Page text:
Normally when polls suggest an officeseeker is badly trailing late in the season the opposition does its best to ignore him or her. However, the White House must feel that tea party candidate Christine O'Donnell's campaign has become such a national joke that picking on her won't matter.

During President Barack Obama's speech to a women's conference Tuesday, the presidential seal fell from the podium. A senior White House adviser joked Wednesday that "witchcraft" was the only explanation.

"You know we've been here almost two years, five hundred speeches probably, never happened before and I can only think of one thing... witchcraft," David Axelrod told CBS' David Letterman.

The remark was a reference to Republican Senate candidate Christine O'Donnell. After O'Donnell's primary win in Delaware, HBO's Bill Maher released a 1999 clip of O'Donnell saying she had "dabbled" in witchcraft.

"I dabbled into witchcraft. I never joined a coven," she said. " ... I hung around people who were doing these things. I'm not making this stuff up. I know what they told me they do," she said.

"... One of my first dates with a witch was on a satanic altar, and I didn't know it. I mean, there's little blood there and stuff like that," she said. "We went to a movie and then had a little midnight picnic on a satanic altar."

A poll released Wednesday showed O'Donnell down by 17 points.

A new poll shows Republican Christine O'Donnell badly trailing Democrat Chris Coons in a Delaware Senate race that Republicans were heavily favored to win until the tea party-backed O'Donnell pulled off an upset in the GOP primary last month.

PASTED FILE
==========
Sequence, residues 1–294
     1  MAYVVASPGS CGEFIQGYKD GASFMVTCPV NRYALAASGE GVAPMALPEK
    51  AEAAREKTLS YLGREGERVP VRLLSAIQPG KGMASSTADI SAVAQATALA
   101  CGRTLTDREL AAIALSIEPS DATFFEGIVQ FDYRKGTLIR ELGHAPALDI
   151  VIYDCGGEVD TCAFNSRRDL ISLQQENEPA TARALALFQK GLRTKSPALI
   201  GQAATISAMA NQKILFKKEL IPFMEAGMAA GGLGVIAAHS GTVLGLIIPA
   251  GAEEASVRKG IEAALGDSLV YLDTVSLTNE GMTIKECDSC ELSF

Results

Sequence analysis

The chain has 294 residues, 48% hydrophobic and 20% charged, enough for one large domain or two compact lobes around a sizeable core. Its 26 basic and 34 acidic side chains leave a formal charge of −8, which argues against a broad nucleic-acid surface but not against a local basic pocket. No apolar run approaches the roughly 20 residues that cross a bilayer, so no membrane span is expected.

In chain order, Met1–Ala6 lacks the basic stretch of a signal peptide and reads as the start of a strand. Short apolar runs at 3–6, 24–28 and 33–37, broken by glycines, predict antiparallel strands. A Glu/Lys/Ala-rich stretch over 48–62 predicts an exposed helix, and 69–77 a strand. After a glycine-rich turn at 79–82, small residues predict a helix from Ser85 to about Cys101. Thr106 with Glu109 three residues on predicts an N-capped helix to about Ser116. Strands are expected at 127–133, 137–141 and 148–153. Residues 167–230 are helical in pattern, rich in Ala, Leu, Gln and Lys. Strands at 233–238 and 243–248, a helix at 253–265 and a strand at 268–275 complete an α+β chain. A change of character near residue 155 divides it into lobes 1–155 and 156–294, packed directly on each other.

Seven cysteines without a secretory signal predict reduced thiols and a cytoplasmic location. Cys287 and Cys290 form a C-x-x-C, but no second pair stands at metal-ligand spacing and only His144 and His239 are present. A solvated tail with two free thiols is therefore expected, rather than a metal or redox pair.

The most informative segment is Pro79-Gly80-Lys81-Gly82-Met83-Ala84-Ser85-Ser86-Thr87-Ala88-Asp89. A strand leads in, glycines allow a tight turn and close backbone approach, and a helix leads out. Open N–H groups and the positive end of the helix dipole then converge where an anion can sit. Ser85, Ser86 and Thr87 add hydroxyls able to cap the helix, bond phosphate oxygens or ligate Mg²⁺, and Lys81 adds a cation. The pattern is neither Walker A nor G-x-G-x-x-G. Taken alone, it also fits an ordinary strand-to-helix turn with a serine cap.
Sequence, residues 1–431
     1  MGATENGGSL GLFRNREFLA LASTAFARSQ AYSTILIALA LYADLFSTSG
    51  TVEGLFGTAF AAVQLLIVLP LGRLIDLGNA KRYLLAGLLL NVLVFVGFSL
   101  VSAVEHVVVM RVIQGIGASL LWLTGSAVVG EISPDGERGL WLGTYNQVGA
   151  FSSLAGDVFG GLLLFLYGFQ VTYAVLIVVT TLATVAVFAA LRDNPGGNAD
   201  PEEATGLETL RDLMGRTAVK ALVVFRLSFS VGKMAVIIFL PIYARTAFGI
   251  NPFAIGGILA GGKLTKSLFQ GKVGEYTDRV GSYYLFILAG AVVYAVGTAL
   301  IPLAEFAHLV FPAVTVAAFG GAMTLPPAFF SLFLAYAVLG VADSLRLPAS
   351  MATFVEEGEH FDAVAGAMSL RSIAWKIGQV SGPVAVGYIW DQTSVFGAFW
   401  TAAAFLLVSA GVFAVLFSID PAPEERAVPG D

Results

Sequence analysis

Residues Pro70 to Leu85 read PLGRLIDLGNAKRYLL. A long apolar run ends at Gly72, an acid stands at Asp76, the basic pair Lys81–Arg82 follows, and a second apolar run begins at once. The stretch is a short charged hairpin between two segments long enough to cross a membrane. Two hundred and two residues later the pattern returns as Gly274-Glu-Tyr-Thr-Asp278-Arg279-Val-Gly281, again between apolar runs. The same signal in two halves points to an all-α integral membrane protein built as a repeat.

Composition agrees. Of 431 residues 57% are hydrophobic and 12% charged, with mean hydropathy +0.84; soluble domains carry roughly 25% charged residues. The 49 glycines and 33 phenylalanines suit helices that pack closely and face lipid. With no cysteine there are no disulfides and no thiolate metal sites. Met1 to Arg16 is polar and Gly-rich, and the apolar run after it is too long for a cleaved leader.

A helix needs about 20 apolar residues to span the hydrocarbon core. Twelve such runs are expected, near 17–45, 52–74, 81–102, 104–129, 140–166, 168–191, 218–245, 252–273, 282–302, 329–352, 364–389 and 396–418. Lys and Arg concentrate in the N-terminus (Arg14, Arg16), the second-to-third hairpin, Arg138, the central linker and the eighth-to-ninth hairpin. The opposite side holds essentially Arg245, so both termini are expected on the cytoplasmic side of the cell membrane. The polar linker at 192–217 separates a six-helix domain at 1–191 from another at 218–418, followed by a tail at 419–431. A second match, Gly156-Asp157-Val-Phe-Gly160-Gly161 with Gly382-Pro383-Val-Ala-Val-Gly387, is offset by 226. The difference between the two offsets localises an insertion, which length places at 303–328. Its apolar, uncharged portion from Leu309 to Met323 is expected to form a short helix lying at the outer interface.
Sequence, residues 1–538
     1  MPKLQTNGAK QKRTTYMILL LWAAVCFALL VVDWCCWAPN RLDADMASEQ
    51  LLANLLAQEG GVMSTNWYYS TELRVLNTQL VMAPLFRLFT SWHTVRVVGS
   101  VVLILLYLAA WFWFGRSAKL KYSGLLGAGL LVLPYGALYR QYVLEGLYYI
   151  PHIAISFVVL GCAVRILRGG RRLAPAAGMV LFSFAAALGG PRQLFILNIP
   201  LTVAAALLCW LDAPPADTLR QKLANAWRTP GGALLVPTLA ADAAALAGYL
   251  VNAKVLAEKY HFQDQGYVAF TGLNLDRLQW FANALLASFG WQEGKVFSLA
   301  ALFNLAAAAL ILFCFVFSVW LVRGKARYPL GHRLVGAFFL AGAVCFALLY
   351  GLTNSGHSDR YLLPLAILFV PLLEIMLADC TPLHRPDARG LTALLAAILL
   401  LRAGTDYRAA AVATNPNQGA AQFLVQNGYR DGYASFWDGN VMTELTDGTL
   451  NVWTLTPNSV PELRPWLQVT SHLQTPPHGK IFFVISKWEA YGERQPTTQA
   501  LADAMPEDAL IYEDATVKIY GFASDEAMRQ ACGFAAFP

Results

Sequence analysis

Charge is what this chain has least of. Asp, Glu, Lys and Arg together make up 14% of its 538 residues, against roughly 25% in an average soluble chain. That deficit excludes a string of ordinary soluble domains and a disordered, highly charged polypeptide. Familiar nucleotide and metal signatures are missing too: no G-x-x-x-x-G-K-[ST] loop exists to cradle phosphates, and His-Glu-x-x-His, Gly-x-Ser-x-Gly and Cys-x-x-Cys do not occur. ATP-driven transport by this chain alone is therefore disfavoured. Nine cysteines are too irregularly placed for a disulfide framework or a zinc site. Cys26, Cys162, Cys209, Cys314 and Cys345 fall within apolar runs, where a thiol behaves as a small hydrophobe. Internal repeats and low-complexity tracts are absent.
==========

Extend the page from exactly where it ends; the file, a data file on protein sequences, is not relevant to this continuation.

The survey released Wednesday by Fairleigh Dickinson University-PublicMind found Coons leading O'Donnell 53 percent to 36 percent. It shows O'Donnell struggling within her own party, with only about two-thirds of Republicans saying they support her.

Axelrod also spent a little time talking about Fox News and potential Republican presidential candidates. USA Today reported:

Axelrod also got on Fox News, saying it and members of the conservative media are contributing to conspiracy theories surrounding Obama's birth place and other attacks. "It is no doubt promoted by our friends at Fox and others," Axelrod said.

As for Romney -- a potential Republican presidential candidate in 2012 -- Axelrod said he is a former moderate who as Massachusetts governor signed a health care bill similar to the one enacted by Obama. Now, Axelrod said, Romney is "trying to cater to the right wing of that party, and I don't think that's a prescription for victory."

Axelrod also told Letterman he has "soft spot" for Palin, who has "her own special kind of charisma."

"I was at the vice presidential debate (in 2008)," Axelrod said. "And, you know, she winked at me."

The White House is making a bit of a gamble, considering O'Donnell's entire campaign has been based on insurgency against her party and entrenched politicians in DC. Much of the tea party movement subscribes to the "us vs. them" mentality, and the mocking of O'Donnell could earn her some sympathy votes.

This video is from CBS' Late Night with David Letterman, broadcast Oct. 6, 2010.